Who cares if it’s not the kind of love I want? At least it’s love, right?

I pull away from his grasp and look up at him. Those stupid eyes. Why do I look into his damn eyes?

“Okay,” I sigh. “Never mind.”

Because I can never truly be free of him.

And he can never be free of me.

It’s not what I want.

But it’s better than being alone.

Story By: Stefanie Marks

Friday, December 13, 2013

Past Favorite 2013 (Krystalyn)

My favorite story of Jenn's this year was The Swarm. It could have easily been a horror story, but I love how she chose the humorous approach instead. Check it out.

The Swarm

The Sheriff mushed his face with his hands asking us for the second time, “Why did you need so many crows?”

“It’s special effects,” Damon answered. He was the director so he should’ve gotten the heat but Mikey was in charge of effects and I was assisting everybody.

When we gathered all the birds we were hoping it’d look cool, just like in the movies. We hadn’t intended them to break out of their cages, take flight, and come together in such a swarm that the flock blocked out the sun.

“Special effects? For what!” the Sheriff asked. His hands moved from his face to scratching his head making his hair shift a bit to the side before he adjusted it.

Damon, Mikey, and I stared all over his office. I couldn’t take my eyes off the small cell behind the Sheriff’s desk that could hold all three of us easily.

“We’re making a movie,” Mikey said.
“We got ‘em cheap,” I chimed in. Realizing when the Sheriff’s gaze slid my way that I wasn’t supposed to answer and I wasn’t supposed to give that as an answer.

A crow crashed into the window, startling all of us. It left a crack in the glass and a ruby smudge where it hit.
“Good Lord!” The Sheriff got up to inspect the damage. “You realize that the town has no light anymore? You do comprehend the situation we’re in right about now? Don’t you?” He looked back out the window and squinted even though we all knew what he said was true.

The lights on the streets were on and the flapping of wings and sound of cawing was in stereo. The only filter we had was being inside. I could imagine what this meant for the laundry outside. I shifted in my seat, my butt already throbbing from the punishment I was expecting from my mom and the fresh load she placed on the clothesline with hundreds of birds in the air.

“We didn’t mean it!” Damon cried. His eyes got watery and his lip trembled. He wasn’t just the director but the lead actor always watching how best to play a scene and get the people believing him.

“We were just trying to make The Birds.” Throwing a thumb Damon’s way Mikey said he was aiming to be the next Hitchcock.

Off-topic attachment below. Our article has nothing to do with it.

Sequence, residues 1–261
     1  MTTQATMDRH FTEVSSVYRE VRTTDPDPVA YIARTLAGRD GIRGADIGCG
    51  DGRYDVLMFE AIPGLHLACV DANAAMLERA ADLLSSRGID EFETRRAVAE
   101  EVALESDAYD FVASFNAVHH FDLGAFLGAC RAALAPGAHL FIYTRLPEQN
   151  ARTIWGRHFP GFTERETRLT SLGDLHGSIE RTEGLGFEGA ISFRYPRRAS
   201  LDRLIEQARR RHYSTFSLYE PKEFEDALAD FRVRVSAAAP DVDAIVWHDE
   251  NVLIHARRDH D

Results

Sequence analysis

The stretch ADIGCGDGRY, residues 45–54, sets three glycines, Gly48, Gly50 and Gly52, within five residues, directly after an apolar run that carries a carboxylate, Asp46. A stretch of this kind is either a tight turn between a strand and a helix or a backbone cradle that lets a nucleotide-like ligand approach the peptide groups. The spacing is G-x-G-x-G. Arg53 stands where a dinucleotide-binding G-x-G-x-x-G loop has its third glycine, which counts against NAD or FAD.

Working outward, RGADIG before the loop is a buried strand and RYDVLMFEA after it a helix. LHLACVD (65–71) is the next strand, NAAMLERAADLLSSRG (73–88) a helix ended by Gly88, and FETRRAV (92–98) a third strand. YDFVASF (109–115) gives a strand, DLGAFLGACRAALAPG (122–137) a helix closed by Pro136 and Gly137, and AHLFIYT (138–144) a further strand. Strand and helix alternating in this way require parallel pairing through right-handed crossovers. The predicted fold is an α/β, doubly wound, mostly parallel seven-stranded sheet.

“Hitch who?” The Sheriff said not taking his eyes off the spectacle outside.

Damon broke character to roll his eyes at the Sheriff’s ignorance.

“He was only one of the best directors ever.

The Sheriff started up on the scratching again and shook his head. “But a few hundred crows? Why? Why so many?”

We all shrugged in unison. Why not so many? If we were gonna make a killer scene. It’d have to make an impression. But we sat still and kept quiet. Knowing when not to respond. Nothing we could say helped our case.

Damon was the most adamant about changing things up. Every time we saw a movie he’d lean in close and put his chin over the seat in front of him whether people were there or not. We’d rush outside and reenact scenes to perfection, unless they were romantic. We were introduced to the world on screen and when we left the darkened theatre and came outside all we saw were one story buildings. The same ice cream shop with the same flavors. The same bar & grill with the stuffed mountain lion. The same people tipping hats and giving us a smile and a wink. Nothing ever happened, so this was our chance to make something happen.

“I gotta call your parents and maybe even the forest reserve. Who the hell knows this many damn...Looks like they’re attacking Old Man Winters.”

“Wish I still had my camera,” Damon said under his breath.

“What in the world!” The Sheriff reached for his holster but we didn’t know how a small shooter would do in that many crows. When we looked out front of the station a bunch of the birds had gotten organized and were bullying a terrier. Not just any terrier but the Sheriff’s. A fuzzy white dog with a yap that rang all over the place. But these crows were decided animals and they were going after his collar, chewing at the rope that tied him to a hydrant. They almost lifted the dog up.